The central idea of the play is that Shivaji has been mythologised by the very people whose ancestors had opposed his coronation because he wasn’t a Kshatriya, but who now claim him as their idol for political mileage. The argument culminates in a brilliant jugalbandi between Dharma Shahir (Sambhaji Tangde), a minion of the myth-makers and Milind Kamble (Kailas Waghmare), who sees Shivaji’s greatness not only in his wars but in his policies regarding women, caste, religion, agriculture and revenue which made him such a just and compassionate king.
Unlike the typical urban middleclass play that confines itself to drawing rooms and kitchens, folk forms offer theatre the freedom to address the big issues of the day. This play comes close in form to the old Ambedkari jalsas, mixing music, humour, even slapstick, with pure didacticism.
Nandu Madhav rehearsed the cast for 100 days, mostly in the fields of Jalna. His hard work shows in the easy precision with which the actors speak and move. Finally, you are so grateful to see Shivaji taken away from myth-making chauvinists and given his true greatness by those who know and respect history.

SHANTA GOKHALE

Benegal pulls out of jury on Vedanta-promoted film competition


English: Photograph of Shyam Benegal in his of...

Image via Wikipedia

PTI New Delhi: Renowned filmmaker Shyam Benegal has pulled out of a jury panel that was to judge a creative film competition organised by mining group Vedanta, as part of its media campaign, apparently aimed at improving its image. Benegal confirmed his resignation from the jury of the ‘Creating Happiness Film Competition’ but refused to give reasons. “Yes, I have pulled out (of the jury),” he told PTI. “I rather will not comment on this (reasons for the pullout).”

The Dadasaheb Phalke awardee’s association with a group with alleged poor trackrecord had been criticised on social networking sites. Vedanta Group spokesperson did not reply to requests made for comments on the development. Billionaire Anil Agarwal-led Vendanta Resources had invited students from across the country to make shortfilms showcasing its initiatives to sustainable development towards the society through a platform, ‘Creating Happiness Film Competition’. The films were to be judged in two categories – popular choice and jury award. Advertising Personality Piyush Pandey and actress Gul Panang were the other members of the jury.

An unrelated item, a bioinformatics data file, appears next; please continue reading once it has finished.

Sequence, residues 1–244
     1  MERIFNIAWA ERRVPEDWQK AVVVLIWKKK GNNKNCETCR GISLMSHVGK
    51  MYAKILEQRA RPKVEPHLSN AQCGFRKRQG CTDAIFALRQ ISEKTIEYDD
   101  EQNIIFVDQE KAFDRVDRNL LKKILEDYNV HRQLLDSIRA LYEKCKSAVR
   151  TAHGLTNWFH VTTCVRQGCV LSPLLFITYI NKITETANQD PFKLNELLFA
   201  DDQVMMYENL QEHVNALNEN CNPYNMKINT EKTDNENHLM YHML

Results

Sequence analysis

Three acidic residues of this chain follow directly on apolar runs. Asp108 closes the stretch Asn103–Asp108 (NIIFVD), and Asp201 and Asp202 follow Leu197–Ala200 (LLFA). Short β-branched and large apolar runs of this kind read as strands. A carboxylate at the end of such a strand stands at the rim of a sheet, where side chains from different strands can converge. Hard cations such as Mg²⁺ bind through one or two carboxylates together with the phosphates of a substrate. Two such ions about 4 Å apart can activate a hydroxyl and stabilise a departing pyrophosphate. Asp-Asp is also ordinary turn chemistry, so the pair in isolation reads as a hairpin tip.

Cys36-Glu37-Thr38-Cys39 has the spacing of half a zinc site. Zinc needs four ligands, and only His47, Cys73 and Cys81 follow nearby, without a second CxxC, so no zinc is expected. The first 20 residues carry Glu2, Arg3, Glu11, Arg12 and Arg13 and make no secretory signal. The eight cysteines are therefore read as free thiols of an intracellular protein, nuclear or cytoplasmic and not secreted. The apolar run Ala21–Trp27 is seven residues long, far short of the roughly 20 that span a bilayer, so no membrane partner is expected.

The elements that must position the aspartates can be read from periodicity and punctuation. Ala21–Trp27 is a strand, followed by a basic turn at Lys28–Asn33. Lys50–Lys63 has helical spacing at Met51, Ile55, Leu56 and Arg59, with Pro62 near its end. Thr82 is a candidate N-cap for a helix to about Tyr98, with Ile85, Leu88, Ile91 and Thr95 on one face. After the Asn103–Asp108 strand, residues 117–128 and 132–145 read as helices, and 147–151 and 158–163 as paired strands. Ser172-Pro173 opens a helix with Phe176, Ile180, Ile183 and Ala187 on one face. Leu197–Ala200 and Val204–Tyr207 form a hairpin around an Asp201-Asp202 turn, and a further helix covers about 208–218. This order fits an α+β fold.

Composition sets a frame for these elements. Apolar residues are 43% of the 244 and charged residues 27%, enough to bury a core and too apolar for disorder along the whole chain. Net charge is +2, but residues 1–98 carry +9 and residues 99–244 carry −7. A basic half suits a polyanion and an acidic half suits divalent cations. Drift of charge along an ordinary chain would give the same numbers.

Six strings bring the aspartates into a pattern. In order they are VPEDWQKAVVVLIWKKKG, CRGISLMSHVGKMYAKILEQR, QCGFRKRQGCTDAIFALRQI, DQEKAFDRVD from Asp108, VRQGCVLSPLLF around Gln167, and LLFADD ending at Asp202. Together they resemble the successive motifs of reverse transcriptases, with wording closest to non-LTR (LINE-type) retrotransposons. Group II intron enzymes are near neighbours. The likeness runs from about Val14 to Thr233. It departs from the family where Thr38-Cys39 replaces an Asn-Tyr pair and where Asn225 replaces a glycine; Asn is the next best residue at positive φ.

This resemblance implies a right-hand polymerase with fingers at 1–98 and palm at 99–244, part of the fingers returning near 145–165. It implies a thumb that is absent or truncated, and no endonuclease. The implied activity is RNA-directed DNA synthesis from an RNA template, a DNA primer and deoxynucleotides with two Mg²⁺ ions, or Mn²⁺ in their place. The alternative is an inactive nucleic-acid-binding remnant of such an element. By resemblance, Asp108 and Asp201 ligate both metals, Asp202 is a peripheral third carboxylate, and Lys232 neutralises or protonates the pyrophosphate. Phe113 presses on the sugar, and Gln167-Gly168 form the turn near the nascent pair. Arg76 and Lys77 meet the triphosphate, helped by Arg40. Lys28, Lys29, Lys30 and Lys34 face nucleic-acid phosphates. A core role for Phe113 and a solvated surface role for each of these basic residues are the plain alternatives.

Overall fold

Pandey, too, has been criticised for his involvement but he continues to be on the jury. Unconfirmed reports said Panang, too, may have pulled out of the jury. No independent confirmation of her move could, however, be ascertained. Panang could not be reached for comments

. However, sources close to the development said Vedanta’s alleged tarnished image, particularly after the Niyamgiri Hills issue in Orissa, may have prompted Benegal to pull out of the panel. The metal and mining major has also in the past received severe criticism from social activists for damaging the tribal habitats and environment at Niyamgiri Hills in Orissa. A land grabbing charge was also labelled against it. Vedanta Resources, having interests in non-ferrous metals and iron ore, had earlier invited film students across the country to find their own ‘Binno’ from 550 villages where the company has presence and make films that will tell ‘real stories’.

As many as 38 films have been made by 114 students from 21 colleges. Vedanta had uploaded all films on its official YouTube channel. The three-month voting period for judging the best under the popular choice category will end on March 20.